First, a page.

Net Zero at a local level

Net zero at a local level: the scale of the challenge and the art of the possible in the built environment.

Reflections from the UK Partnerships Hub boardroom, sponsored by Clear Futures.

The conference took place on the 14th of June 2022 at the Marriott Worsley Park Hotel & Country Club, bringing together a collection of public sector guests, such as Matthew Vickerstaff from the IPA, Peter Reekie of SFT, and private sector representatives from the likes of Knight Frank and P2G.

The Clear Futures net zero retrofit lunchtime debate was attended by;

  • Jim Taylor, Clear Futures Non-executive Chair
  • Keith Edwards, Clear Futures Partnership Director
  • Dr John Hindley, TwelveTrees Consulting Director
  • Jeya Sivasubramaniam, SNRG Head of Growth
  • Sean Owen, GMCA Head of Low Carbon
  • Nigel Badham, Knight Frank Partner

The key message to come out of the discussions was clear: the public sector cannot reach net zero on its own and collaboration is essential. Local government especially, does not have the capacity or resources needed to deliver decarbonisation programmes as well as its day-to-day responsibilities.

Bringing capabilities together to unlock public sector decarbonisation challenges

Collaboration of political, public and private sector efforts is needed to deliver the requirements of net zero – with the private sector helping meet some of the key gaps the public sector faces in terms of resource, green skills, investment and more.

Integrated approaches such as partnership delivery models – Clear Futures and Go Neutral are two examples – bring collective groups of experts and stakeholders to the table at an early stage. This type of engagement gives local authorities an understanding of not only what they need from their projects and programmes, but exactly what is achievable and what options are realistic.

Consider this example: through its partnership with Bolton Council, Clear Futures brought together multiple public sector organisations to develop a potential heat network solution they could all use. Keith Edwards, Partnership Director for the Bolton Partnership, explained that this resulted from “using the team on the ground to fully understand the priorities, then linking that back up to the strategic management plan”.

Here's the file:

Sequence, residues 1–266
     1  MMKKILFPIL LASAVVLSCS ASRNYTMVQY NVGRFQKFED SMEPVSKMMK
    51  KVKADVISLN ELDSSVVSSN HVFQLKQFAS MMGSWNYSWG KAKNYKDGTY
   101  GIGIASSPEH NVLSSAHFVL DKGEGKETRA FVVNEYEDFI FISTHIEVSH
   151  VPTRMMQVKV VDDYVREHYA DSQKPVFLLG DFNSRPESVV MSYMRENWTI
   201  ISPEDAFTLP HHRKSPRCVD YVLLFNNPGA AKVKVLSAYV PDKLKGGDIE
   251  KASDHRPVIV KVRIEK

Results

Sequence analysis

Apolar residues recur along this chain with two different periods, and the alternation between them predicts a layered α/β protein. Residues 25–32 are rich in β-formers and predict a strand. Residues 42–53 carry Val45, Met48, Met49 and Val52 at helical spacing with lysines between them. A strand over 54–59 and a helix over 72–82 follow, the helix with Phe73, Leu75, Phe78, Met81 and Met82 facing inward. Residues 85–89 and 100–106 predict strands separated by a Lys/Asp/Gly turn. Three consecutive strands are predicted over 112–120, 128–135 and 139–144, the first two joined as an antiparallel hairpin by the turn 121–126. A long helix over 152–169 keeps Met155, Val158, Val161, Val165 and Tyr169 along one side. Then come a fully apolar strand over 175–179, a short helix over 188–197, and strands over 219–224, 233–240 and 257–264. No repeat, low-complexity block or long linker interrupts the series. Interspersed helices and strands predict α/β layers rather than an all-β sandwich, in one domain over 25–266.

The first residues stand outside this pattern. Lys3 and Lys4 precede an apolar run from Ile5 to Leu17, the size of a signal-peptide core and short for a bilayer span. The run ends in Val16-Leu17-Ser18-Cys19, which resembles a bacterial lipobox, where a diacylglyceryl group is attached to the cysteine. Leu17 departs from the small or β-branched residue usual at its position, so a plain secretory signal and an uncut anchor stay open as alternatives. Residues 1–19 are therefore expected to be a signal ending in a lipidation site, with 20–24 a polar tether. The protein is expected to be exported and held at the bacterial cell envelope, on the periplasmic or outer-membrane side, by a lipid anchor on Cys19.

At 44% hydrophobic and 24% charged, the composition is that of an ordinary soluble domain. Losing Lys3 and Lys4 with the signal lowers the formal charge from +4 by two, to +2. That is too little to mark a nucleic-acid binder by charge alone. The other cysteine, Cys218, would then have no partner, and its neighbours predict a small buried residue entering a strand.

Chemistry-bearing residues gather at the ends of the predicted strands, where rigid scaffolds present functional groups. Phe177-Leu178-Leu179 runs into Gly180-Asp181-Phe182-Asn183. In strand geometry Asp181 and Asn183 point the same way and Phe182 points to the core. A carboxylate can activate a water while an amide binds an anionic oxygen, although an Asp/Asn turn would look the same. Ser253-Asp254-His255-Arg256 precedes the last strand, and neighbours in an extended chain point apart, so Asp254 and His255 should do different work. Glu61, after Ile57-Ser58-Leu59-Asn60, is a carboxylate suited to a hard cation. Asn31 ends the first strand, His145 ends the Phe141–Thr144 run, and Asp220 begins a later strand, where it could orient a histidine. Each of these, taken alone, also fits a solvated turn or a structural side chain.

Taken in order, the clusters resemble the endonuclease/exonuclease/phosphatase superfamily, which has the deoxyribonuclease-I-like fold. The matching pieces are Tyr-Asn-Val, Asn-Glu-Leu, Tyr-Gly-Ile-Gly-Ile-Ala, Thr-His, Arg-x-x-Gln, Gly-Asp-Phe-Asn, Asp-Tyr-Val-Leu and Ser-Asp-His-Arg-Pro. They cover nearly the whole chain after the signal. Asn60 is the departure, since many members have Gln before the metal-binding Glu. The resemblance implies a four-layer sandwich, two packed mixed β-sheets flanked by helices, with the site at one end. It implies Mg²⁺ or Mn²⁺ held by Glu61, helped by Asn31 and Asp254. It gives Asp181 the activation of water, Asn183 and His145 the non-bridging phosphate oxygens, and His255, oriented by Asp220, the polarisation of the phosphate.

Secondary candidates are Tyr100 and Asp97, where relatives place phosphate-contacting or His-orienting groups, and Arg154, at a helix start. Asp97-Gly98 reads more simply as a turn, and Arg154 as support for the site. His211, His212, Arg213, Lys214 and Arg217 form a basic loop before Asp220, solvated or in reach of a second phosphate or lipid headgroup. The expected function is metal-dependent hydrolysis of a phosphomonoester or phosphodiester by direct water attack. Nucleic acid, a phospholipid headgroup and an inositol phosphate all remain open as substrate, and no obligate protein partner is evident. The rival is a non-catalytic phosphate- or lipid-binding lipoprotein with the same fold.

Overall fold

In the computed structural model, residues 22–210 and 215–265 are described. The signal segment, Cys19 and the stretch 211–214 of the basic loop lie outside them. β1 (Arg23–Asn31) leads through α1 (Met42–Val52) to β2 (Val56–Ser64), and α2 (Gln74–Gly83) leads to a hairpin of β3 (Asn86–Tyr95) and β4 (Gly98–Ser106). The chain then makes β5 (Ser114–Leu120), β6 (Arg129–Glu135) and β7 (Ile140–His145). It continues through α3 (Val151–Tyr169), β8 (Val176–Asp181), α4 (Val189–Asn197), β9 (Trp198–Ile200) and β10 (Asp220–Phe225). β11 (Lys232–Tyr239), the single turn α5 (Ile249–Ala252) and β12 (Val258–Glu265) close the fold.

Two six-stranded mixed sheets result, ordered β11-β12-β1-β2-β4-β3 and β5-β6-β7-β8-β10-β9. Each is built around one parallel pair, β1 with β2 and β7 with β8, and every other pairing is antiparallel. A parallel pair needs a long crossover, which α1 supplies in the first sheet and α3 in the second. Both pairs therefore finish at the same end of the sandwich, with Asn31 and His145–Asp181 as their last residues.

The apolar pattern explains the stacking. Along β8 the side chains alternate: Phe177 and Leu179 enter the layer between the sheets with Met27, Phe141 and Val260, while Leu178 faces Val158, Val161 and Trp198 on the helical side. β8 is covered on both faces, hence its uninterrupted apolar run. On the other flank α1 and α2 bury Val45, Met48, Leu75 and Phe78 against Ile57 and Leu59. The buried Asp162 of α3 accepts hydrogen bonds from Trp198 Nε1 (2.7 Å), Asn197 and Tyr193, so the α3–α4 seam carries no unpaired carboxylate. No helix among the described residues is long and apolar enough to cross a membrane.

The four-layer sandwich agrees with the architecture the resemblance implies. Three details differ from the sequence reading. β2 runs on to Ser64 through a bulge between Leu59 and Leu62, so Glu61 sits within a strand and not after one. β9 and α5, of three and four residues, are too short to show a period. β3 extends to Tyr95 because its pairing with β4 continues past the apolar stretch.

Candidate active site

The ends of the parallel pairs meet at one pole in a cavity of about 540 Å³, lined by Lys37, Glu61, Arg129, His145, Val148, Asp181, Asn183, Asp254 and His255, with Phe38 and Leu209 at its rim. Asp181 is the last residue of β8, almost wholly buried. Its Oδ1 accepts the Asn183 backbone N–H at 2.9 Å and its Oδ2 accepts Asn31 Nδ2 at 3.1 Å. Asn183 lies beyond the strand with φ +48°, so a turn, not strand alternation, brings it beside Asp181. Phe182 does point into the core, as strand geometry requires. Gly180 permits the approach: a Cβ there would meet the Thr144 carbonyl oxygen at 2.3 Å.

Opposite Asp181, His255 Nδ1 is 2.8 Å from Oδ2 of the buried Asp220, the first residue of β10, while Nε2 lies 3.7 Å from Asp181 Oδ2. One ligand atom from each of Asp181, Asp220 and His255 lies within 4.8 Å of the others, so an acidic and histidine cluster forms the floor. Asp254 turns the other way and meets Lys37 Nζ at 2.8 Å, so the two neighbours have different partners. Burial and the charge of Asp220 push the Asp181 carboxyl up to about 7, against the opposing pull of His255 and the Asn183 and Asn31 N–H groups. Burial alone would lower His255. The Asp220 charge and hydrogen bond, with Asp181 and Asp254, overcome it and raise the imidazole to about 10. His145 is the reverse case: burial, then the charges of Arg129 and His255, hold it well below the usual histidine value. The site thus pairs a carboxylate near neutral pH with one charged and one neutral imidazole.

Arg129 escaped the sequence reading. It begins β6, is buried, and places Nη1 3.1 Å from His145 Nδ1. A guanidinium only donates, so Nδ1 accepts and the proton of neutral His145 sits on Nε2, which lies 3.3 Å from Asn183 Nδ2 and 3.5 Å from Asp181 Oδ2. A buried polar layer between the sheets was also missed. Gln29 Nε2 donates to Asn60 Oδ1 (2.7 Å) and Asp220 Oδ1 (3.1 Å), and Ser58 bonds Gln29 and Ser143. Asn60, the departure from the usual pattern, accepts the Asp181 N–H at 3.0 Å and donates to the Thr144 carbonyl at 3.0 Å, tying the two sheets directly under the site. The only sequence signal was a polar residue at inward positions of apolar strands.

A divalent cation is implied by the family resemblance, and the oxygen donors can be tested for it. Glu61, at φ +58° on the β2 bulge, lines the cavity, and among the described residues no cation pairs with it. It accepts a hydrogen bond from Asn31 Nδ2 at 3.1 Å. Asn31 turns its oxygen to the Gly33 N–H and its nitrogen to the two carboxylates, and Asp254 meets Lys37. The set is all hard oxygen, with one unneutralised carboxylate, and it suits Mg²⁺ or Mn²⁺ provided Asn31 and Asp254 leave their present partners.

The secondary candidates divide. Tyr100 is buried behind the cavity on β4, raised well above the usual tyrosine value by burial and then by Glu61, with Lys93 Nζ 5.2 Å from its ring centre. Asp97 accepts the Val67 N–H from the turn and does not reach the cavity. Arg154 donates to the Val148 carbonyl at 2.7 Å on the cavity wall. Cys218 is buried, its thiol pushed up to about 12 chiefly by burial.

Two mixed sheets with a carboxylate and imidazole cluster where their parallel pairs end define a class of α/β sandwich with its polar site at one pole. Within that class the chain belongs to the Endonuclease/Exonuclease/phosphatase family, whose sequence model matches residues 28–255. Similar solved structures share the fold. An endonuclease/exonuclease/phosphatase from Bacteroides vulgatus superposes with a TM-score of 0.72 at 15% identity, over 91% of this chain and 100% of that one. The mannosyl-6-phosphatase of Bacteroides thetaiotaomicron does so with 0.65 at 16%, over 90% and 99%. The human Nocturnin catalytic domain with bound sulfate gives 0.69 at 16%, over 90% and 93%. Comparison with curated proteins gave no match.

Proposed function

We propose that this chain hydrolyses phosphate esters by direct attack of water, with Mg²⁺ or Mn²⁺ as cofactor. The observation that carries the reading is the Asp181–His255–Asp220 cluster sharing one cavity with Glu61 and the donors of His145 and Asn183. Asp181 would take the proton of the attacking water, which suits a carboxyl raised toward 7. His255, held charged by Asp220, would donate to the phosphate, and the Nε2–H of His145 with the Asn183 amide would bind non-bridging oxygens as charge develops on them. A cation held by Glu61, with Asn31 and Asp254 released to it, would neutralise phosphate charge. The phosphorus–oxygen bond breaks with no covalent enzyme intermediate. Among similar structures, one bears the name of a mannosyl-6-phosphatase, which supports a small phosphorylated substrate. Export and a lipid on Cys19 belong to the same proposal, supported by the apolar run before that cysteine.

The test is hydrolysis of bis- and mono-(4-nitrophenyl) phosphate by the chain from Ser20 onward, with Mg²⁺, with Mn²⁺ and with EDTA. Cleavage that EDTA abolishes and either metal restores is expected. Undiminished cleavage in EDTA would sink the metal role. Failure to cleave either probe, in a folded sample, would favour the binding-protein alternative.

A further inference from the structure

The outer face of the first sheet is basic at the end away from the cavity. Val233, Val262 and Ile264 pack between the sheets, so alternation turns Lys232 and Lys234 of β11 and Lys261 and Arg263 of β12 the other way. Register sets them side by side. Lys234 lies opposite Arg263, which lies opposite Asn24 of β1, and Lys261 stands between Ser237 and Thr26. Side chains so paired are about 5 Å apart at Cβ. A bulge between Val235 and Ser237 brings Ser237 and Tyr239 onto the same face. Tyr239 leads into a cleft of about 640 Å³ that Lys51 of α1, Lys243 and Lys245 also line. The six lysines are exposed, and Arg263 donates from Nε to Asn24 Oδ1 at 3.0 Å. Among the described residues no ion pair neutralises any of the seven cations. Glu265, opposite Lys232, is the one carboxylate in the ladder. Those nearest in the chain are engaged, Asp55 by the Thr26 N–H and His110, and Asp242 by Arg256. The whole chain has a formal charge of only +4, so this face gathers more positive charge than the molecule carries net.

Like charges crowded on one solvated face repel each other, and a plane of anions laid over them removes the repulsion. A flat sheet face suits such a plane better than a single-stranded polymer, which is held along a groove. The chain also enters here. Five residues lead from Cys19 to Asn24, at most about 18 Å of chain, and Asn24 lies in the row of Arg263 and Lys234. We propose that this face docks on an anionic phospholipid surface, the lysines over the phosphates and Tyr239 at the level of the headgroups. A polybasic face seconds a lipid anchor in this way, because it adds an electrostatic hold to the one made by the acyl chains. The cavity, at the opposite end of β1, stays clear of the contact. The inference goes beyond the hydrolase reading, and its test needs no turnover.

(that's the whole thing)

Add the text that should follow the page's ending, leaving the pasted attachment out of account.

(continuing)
This approach was welcomed by public sector attendees who agreed that the main hurdle to overcome is the initial development of a project – defining the needs and vision, and a project brief that can be delivered and moves public sector bodies to a point where they can engage with the private sector.

But the obstacles are not one-sided. There was also discussion around barriers the private sector faces when engaging with the public sector. Such as the complexity of retrofitting public buildings, and decarbonisation programmes across estates that have complicated ownership and management – the education sector being a prime example. So a more accessible interface is a necessity if we’re to engage with organisations from central and local government and bring together interested parties to discuss how they can work together.

Looking at new investment models to accelerate delivery

New and creative models are being developed across the private sector. But with few recognised examples of these working at a local government level to deliver tangible retrofit programmes, there remains some apprehension within the public sector about this approach.

But there is clear appetite amongst private sector guests around investment opportunities and innovative models, appreciating the potential and scale of investment needed to reach net zero by 2050 in the UK.

SNRG is a Centrica and Antin backed developer of smart local energy systems that support the transition to zero carbon. Through aggregating technology, they maximise the use of locally generated renewable energy and provide an end-to-end service designing, funding, building and operating SmartGrid solutions. This substantially reduces the risk, cost, carbon, and complexity for residential, industrial and commercial, and public sector clients, residents and occupants. 

Clear Futures has the capabilities to work with public sector partners to identify the best-fit investment model for specific opportunities, connecting with a range of investors to bring together the investment required to unlock a project or programme into delivery.